Drafting the Thesis (cont) Consider starting with whatever part you find easiest. Rather than getting bogged down searching for small details, leave blanks and fill them in later. If you need to stop, perhaps do so within a passage rather than at a “logical stopping place”; that way, you’ll have more momentum when you return.
Drafting the Thesis: A Note For drafting some parts of the thesis, you may be able to use parts of your thesis proposal as starting points. However, remember to make necessary changes. For example, whereas the methods section of a proposal is in future tense, the methods section of a thesis should be in past tense.
Revising the Thesis Remember: You don’t have to be an excellent writer. You just have to be a competent rewriter. Realize that revising is an integral part of doing a thesis. –To achieve its potential, a thesis generally needs several rounds of revision. –Doing the revisions is part of the learning process.
Revising the Thesis (cont) In revising, strive to make your writing –Clear –Correct –Concise –Consistent Show drafts to several people, including your committee members. Then revise some more. But don’t revise forever. No piece of writing is perfect. Be satisfied with mere excellence.
A Note on Thesis Format Increasingly, universities are allowing or requiring theses to be in electronic format (for example, as PDF files). Often, electronic theses can contain items difficult or impossible to include in paper theses—for example –Color illustrations –Video clips –Sound recordings
Thesis Defense Thesis defense: an oral presentation on the thesis research, followed by questions and answers The questions commonly regard the thesis work and more generally the student’s graduate work. Sometimes the presentation and initial discussion are open to all interested. The final questioning commonly is open only to the student’s committee.
Mini Exercise In your small group, identify and list some purposes of having a thesis defense. Be ready to present to the full group some items on the list.
Some Functions of a Defense To show that the student can give a good academic presentation, as would be expected of someone with an advanced degree To give the student practice in presenting To probe the student’s depth of understanding To help consolidate the student’s graduate learning To help bring the thesis process to closure Other
What advice do you have for preparing for and undergoing a thesis defense?
Some Tips on Preparing for and Undergoing a Defense Follow guidelines for preparing and giving presentations. (See earlier workshop.) Review material from throughout your graduate studies. Think about how it fits together and how it relates to your thesis and future goals. Know that you might not be expected to answer all the questions well. Sometimes committee members keep probing to see the depth of your knowledge. After a successful defense, celebrate!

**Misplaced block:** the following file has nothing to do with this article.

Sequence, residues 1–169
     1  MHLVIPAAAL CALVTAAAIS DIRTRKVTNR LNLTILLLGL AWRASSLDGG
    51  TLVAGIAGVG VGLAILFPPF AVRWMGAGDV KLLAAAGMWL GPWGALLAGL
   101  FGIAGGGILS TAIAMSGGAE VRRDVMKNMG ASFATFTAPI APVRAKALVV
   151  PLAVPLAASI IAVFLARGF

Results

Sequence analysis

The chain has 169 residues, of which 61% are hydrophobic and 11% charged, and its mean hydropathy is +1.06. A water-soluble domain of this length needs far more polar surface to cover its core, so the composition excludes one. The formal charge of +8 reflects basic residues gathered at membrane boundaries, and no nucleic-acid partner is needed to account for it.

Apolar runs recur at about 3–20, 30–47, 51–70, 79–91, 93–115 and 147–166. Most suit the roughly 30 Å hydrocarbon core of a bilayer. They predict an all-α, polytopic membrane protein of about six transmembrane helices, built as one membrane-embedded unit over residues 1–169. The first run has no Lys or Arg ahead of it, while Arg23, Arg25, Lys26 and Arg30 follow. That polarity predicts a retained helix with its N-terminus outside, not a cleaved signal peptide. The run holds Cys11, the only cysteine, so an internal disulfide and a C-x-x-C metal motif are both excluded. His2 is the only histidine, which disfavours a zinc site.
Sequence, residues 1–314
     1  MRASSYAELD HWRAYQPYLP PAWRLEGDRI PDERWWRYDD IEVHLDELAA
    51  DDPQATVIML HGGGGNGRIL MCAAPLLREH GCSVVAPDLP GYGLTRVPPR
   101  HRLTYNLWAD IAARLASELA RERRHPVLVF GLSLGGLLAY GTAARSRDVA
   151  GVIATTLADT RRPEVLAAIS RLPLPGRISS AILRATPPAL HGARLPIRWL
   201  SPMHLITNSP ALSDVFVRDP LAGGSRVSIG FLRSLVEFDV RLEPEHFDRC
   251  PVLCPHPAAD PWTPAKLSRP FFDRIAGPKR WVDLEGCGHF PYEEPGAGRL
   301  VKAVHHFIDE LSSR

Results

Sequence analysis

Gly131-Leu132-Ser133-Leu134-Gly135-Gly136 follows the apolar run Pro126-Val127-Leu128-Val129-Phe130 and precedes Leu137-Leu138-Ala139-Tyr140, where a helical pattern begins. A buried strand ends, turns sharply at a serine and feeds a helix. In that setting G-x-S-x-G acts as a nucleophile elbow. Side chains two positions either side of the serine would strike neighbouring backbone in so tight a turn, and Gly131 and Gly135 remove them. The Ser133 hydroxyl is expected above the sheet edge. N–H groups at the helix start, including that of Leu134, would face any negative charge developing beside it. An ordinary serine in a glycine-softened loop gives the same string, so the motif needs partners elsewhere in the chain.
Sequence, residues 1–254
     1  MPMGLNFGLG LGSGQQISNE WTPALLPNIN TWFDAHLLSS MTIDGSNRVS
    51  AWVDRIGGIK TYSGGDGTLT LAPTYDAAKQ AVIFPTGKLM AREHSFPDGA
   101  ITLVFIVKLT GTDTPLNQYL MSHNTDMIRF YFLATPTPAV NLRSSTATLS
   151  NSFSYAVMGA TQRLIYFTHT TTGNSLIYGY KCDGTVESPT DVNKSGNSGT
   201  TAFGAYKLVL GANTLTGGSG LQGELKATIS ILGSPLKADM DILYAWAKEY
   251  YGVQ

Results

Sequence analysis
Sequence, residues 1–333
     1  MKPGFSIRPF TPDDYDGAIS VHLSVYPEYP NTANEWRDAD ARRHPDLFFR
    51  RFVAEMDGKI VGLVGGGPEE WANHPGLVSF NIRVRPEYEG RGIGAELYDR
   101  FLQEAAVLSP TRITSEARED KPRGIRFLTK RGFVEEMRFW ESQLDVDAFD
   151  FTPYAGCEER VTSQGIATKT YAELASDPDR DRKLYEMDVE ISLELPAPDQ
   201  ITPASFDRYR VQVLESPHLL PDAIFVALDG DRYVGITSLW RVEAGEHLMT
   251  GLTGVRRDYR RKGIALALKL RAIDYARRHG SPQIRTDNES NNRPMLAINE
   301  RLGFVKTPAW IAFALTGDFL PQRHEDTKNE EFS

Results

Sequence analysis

A Note on Wording One does not “publish a thesis” or “publish a dissertation”. Rather, one publishes one or more articles (or, in some fields, a book) based on the research for a thesis or dissertation. As noted, sometimes a set of articles based on the research can serve as the core of a thesis or dissertation.
Mini Exercise In your small group, compare and contrast –The purpose(s) of a thesis –The purpose(s) of a journal article based on thesis research Note some implications for writing a journal article based on thesis research. Be ready to present some of your points to the full group.
A Comparison Thesis Intended in part to show that the student –Has obtained a thorough knowledge of the field –Has done a thorough job of research and analysis Therefore contains a lot of detail, including items that are new to the student but not new to readers Journal Article Intended mainly to present findings that are new and interesting to readers Thus, should focus on what’s new Therefore much shorter and more focused than a thesis
From Thesis to Publication: Some Tips Realize that thesis material is likely to need considerable reworking to be publishable. Promptly write one or more papers based on your thesis research. The longer you wait, the harder it generally is—and the less timely the paper(s) will be. Consider first presenting your paper at a conference if you haven’t yet done so.
Tips (cont) Seek publication in journals that publish lots of good work in your field. –From doing the literature review for your thesis, you should know these journals. Obtain and follow instructions to authors. Make good use of peer reviewers’ and editors’ suggestions.
Tips (cont) Know that everyone’s work sometimes is rejected. If one journal doesn’t accept your paper, try another. In doing future research, and in writing future papers, apply what you learned in doing and publishing your thesis research.
Note: For more about writing journal articles, see tomorrow’s workshop.